GUT-WRENCHING TOUR OF DUTY
MICHAEL JAMES MANAIA
by John Broughton
directed by Nathaniel Lees
Taki Rua Productions
at Centrepoint, Palmerston North
From 10 Mar 2012 to 17 Mar 2012
Reviewed by Richard Mays, 13 Mar 2012
Twenty years on and this play still packs a mighty wallop. And what a privilege it is to be walloped. Direct from the New Zealand International Arts Festival 2012 in Wellington, Michael James Manaia carries the searing clout of a napalm drop.
In 1994,Jim Moriartyturned up at Centrepoint with John Broughton's 1991 play by way of the Edinburgh Festival. His performance as the traumatised Vietnam War vet staged on a raised square of dirt with a couple of broken tubular chairs as props is still vivid – one of the truly standout shows seen at the theatre in its nearly 40-year history.
The appearance of this 2012 Taki Rua revival performed by Te Kohe Tuhaka, in an army town that provides personnel to serve inAfghanistan, is timely. That it turns up during the fallout over defence force redundancies, ‘civilianisation', and a subsequent drop in morale is coincidence to be sure, but it's hard not to watch this startling production without being reminded of current defence force circumstances, and just what it takes to serve in a war zone.
Michael James Manaia is a Kiwi male rite-of-passage story with a tragic outcome. Sons of a Maori Battalion Cassino veteran and an English war bride, Michael and brother Mattie grow up on aHawkesBay marae; attending school inHastings where their father teaches.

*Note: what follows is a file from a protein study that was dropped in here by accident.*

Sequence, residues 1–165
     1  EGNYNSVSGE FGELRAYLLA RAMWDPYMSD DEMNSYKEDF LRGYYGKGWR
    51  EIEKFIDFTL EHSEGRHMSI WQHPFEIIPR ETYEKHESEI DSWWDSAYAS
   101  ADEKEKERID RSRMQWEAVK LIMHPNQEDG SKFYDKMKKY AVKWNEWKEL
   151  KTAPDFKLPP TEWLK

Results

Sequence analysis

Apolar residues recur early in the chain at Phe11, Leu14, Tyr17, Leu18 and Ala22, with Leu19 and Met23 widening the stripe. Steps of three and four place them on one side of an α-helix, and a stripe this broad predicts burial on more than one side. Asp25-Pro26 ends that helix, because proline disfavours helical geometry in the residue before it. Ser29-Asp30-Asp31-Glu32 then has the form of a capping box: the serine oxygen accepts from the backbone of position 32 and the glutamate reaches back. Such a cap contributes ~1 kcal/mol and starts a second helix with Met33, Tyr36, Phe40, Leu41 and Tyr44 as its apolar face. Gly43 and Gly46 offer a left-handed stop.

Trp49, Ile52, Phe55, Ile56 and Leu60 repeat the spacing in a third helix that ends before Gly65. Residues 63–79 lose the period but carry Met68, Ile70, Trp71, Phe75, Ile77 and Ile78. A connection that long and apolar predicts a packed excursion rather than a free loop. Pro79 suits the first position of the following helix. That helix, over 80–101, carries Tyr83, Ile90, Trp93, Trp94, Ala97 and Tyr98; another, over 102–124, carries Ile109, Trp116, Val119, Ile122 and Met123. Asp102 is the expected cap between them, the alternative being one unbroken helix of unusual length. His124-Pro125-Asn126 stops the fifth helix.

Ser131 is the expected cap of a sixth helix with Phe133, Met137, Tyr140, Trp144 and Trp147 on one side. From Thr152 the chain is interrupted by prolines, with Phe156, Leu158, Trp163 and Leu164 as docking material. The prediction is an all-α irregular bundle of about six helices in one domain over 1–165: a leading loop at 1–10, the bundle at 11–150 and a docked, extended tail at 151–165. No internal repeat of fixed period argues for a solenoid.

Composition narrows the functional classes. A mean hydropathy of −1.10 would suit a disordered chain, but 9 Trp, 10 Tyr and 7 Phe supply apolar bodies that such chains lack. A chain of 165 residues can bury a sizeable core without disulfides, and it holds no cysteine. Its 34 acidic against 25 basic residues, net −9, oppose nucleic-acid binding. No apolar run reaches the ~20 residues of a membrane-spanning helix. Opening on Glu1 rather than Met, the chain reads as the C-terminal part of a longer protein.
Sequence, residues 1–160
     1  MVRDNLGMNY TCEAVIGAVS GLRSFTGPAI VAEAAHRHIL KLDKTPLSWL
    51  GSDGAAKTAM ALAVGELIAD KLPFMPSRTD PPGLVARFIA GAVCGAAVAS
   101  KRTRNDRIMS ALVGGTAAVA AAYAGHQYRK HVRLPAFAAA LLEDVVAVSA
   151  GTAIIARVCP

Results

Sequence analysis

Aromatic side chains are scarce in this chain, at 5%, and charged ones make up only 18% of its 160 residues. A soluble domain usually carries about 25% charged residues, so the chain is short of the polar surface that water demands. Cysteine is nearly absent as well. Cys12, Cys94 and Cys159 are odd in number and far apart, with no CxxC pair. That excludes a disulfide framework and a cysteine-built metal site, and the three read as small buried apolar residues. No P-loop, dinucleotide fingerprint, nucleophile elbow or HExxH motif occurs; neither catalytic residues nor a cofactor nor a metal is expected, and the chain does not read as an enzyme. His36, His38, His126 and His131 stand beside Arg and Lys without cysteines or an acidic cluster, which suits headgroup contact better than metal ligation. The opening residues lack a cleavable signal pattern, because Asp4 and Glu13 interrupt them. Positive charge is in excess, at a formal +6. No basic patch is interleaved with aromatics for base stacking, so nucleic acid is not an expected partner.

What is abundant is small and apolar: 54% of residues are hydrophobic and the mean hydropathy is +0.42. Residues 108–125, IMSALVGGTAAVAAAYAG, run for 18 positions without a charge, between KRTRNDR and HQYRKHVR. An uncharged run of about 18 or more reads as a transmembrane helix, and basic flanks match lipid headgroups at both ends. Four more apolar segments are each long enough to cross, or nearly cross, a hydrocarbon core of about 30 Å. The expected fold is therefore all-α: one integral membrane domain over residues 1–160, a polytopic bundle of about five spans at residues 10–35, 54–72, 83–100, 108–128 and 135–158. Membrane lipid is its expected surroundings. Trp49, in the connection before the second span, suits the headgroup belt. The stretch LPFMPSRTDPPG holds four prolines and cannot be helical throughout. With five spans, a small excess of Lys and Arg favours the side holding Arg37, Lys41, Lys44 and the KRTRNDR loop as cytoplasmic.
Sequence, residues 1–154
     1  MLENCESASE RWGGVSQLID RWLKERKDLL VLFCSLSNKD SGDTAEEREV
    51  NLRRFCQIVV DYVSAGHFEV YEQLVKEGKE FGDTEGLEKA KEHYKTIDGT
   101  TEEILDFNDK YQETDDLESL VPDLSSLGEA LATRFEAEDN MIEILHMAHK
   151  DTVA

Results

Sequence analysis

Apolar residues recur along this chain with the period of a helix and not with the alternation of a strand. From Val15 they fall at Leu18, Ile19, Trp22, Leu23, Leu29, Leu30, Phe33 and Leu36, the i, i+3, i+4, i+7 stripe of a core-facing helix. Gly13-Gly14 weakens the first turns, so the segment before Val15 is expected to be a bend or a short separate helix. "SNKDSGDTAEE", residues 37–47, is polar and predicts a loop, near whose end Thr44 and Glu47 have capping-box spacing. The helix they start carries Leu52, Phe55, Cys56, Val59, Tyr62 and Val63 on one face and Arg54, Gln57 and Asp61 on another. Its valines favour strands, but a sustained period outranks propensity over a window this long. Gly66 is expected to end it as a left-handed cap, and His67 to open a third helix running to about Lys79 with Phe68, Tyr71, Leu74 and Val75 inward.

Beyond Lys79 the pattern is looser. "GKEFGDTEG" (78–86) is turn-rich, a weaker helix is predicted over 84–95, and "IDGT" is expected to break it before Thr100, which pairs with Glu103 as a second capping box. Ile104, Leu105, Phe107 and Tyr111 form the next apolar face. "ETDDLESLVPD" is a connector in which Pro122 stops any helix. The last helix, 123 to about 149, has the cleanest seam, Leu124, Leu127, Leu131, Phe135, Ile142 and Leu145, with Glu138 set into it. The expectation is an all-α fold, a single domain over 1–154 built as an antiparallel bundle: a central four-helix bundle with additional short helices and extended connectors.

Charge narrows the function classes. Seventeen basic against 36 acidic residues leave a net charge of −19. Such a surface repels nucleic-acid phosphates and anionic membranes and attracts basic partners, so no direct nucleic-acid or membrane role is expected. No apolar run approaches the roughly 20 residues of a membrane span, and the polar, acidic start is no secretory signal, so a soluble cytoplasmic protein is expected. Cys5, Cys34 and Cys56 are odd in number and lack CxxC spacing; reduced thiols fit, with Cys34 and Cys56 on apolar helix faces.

It quickly becomes apparent that Michael has real issues with his father, a strict disciplinarian and man silently affected by his World War II experiences. That Michael the narrator is in an unhealthy state of mind is obvious from his sometimes violent Tourette's-style outbreaks and diversions from a story that contains a wealth of Maori cultural perspective, legends, lively anecdote and humour, but one which grows steadily darker.
The real art of Tuhaka's striking performance during the demanding two-hour solo show is his ability to make quick physical, emotional and vocal transformations. From being light-hearted to the near manic confrontations with his character's demons, the actor also effectively sustains the subtle tensions between these extremes.
Directed by Nathaniel Lees, aided by a sensitive lighting plot (Lisa Maule) and pinpoint sound cues (Maaka McGregor), this is an extremely physical enactment, with Tuhaka perpetually prowling and swinging about on a set that contains higher and lower raised platforms (designed by Dan Williams).
Still seeking approval from his father, young Michael joins the army, and after basic training at Waiouru, volunteers as a member of the 1st Battalion Royal New Zealand Infantry Regiment inVietnam. His tense tour of duty in the landmine, booby-trap and ambush-riddled jungle is the play's most effective part, containing pre-echoes of today's war inAfghanistan. That the man is suffering a form of post-traumatic stress syndrome is obvious, with his civilian situation compounded by what could be described as family karma.
Culturally revealing, funny as well as gut-wrenching, and ultimately heart-breaking, this dramatic experience is part of our own living-memory social history. Its intense images are bound to haunt.
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See also reviews by:
Ewen Coleman (The Dominion Post);
Lynn Freeman (Capital Times);
Janet McAllister (New Zealand Herald);
Barbara Frame (Otago Daily Times);